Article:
In response to county letter, Forest Service indicates no plan to close Lewis and Clark Interpretive Center
During Tuesday’s meeting, City Commissioners issued a proclamation in support of the Lewis and Clark Interpretive Center.
Commissioner Mary Moe did not sign the proclamation since she serves on the state Park and Recreation Board.
Late last year, rumors began to swirl that one of the options on the table was to close the center in Great Falls due to budget cuts.
County Commissioners sent a letter to the National Park Service office in Helena asking for information and expressing their concern about the center.
Both the county and city invested in bringing the center to Great Falls, $200,000 from the city, according to the proclamation.
The center has been supported by the Lewis and Clark Foundation, which also expressed concern in December, about the future of the facility.
“The Great Falls City Commission hereby reaffirms and restates its prior support for the public-private partnership that brought the Lewis and Clark Interpretive Center into existence; and the Commission further supports efforts in our community to work with the United States Forest Service to preserve and sustain the Center, and encourages the Forest Service to welcome these community initiatives,” the proclamation states.
According to a letter from William Avey, supervisor for the Helena-Lewis and Clark National Forest and the interpretive center, to Cascade County Commissioners, “I have no plans to close the LCIC at this time.”
Over the last decade, the Forest Service has seen a 50 percent decrease in funds for the recreation program, which includes the interpretive center, according to Kathy Bushnell, spokeswoman for the Helena-Lewis and Clark National Forest.
That funding is for the entire recreation program, including maintenance, improvements, enhancements, etc. of all of motorized and non-motorized trails, campgrounds, dispersed campsites, rental cabins, etc., along with the LCIC, Bushnell wrote in an email to The Electric.
“So when we have a declining budget, we look at how we can continue to provide quality services and programs for the public across the entire 3-million-acre forest, including within the LCIC, with less money,” Bushnell wrote. “We have to do this with all of our programs that experience a funding decrease—so this is not unique to the LCIC, it’s simply that the LCIC is part of the recreation program and we, as a forest, need to make decisions on how to manage the entire program with less funding, and still meet the needs and desires of the public—which includes adequately maintained trails, clean/safe campgrounds, as well as quality programs at the LCIC.”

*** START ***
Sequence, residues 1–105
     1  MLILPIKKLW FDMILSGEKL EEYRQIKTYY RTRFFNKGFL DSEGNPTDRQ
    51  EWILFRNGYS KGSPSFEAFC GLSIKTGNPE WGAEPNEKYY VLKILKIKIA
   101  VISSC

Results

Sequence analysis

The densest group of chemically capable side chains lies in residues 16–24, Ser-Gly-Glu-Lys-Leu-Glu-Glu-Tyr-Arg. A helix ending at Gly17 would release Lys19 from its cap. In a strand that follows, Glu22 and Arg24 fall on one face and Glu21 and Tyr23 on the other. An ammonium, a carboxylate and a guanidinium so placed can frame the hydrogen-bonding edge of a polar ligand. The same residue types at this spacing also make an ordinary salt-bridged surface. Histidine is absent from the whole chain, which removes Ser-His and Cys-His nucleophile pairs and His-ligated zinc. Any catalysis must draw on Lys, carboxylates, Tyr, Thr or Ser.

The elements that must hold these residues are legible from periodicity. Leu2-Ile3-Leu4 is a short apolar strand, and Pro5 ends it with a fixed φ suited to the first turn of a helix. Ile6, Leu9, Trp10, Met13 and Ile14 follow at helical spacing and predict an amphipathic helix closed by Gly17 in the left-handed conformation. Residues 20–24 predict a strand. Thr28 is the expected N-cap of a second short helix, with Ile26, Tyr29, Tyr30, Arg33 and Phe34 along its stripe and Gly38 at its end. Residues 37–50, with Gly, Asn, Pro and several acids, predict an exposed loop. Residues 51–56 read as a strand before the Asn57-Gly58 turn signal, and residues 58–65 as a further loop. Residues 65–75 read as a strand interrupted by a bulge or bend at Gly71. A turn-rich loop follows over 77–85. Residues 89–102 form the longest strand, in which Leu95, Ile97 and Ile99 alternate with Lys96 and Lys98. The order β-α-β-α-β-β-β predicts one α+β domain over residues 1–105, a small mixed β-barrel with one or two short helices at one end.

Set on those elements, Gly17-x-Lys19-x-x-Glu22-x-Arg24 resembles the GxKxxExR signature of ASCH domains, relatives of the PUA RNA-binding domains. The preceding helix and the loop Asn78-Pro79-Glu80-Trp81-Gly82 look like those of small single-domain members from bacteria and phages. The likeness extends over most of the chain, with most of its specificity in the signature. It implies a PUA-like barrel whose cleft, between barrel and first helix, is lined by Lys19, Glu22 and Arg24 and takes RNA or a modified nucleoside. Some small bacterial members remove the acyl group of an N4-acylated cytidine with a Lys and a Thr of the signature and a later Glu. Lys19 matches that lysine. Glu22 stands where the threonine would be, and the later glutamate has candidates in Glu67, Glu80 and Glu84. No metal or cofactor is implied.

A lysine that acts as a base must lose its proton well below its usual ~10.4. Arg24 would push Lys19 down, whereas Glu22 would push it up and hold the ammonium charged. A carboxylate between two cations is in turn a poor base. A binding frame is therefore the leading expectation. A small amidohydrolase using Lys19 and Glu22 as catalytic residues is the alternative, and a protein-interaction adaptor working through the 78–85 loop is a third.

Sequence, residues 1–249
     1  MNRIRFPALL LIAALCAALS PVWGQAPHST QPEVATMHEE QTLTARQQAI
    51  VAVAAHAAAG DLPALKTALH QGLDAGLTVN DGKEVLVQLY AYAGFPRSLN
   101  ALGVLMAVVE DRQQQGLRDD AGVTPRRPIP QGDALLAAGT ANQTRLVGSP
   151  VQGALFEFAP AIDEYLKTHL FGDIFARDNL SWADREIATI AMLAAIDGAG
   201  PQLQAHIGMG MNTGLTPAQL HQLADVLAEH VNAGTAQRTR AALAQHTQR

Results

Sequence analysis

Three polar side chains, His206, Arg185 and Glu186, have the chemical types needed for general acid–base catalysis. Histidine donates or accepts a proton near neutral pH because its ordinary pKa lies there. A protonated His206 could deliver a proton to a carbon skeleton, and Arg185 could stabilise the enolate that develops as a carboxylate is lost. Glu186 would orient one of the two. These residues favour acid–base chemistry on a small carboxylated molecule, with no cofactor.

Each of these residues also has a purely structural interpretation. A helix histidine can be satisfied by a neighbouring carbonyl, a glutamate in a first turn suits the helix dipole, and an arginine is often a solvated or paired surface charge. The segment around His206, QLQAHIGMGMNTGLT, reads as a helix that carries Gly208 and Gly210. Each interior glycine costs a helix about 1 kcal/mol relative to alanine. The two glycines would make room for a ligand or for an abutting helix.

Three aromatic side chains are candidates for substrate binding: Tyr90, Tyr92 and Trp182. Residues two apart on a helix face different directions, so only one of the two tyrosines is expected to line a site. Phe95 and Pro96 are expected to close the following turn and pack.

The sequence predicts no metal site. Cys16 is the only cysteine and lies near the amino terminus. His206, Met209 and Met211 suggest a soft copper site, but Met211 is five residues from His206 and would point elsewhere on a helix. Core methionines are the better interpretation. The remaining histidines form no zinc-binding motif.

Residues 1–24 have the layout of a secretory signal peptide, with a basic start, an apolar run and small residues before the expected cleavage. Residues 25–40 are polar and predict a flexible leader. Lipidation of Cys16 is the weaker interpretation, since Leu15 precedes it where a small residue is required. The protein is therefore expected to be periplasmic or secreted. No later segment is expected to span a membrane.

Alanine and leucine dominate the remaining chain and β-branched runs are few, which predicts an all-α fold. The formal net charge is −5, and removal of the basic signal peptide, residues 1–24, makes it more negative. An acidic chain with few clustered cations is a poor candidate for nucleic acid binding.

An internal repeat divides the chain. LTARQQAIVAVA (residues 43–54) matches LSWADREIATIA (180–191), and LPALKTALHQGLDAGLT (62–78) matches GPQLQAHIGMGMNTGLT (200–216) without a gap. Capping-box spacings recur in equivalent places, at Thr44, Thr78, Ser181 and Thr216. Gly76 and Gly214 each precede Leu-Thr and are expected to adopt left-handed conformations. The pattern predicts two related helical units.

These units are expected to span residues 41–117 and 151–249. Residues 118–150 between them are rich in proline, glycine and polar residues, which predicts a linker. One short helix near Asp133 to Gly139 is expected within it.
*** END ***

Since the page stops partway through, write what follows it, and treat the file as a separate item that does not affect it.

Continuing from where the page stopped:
Bushnell said the Forest Service is looking to partner with Cascade County Commissioners and the Lewis and Clark Foundation to seek grants, additional partners, and other avenues to keep the center operational.
“The LCIC means a lot to us, and it’s clear that it means a lot to the commission, the community of Great Falls, the Lewis & Clark Foundation, and so many others; we invite all who are interested to be part of the path forward and help us plan for the future with the LCIC,” Bushnell wrote.
In Avey’s letter, he informed county commissioners that no decision had yet been made about the management structure at the center.
In fiscal year 2017, Avey wrote, the interpretive center received about $380,000 in recreation funds, or about 31 percent of the entire forest’s recreation budget.
“Spending nearly a third of the entire forest’s recreation funds on one facility, even one as significant as the LCIC is not sustainable, and requires adjusting the allocation of funds,” Avey wrote.
In early December 2017, Avey wrote that the decision was made to reduce the interpretive center’s budget by about $150,000 from recreation and facility maintenance funds and redistribute those funds to the ranger districts’ recreation and facility maintenance programs across the forest.
A new director at the center has been asked to develop a long-term strategy, Avey wrote, and that should be completed this spring.
In their letter, county commissioners expressed a frustration that the Forest Service hadn’t engaged community partners in developing new strategies, specifically the Lewis and Clark Foundation.
In response, Avey wrote that the Forest Service has been meeting regularly with the foundation, as well as other partners including the Portage Route Chapter.
A public-private partnership model has been discussed for years and in the county letter, commissioners wrote that the Forest Service wasn’t supportive of the concept and draft federal legislation was abandoned.
Avey wrote that those plans to develop a formal partnership started around 2007 and that the Forest Service participate in the effort until 2016, when the Lewis and Clark Foundation requested that Sen. Jon Tester to remove his bill specific to the LCIC.
Avey wrote that there were issues with the business plan since it didn’t comply federal laws; ownership rights and no sponsor for companion legislation came forward in the U.S. House of Representatives, effectively killing the effort.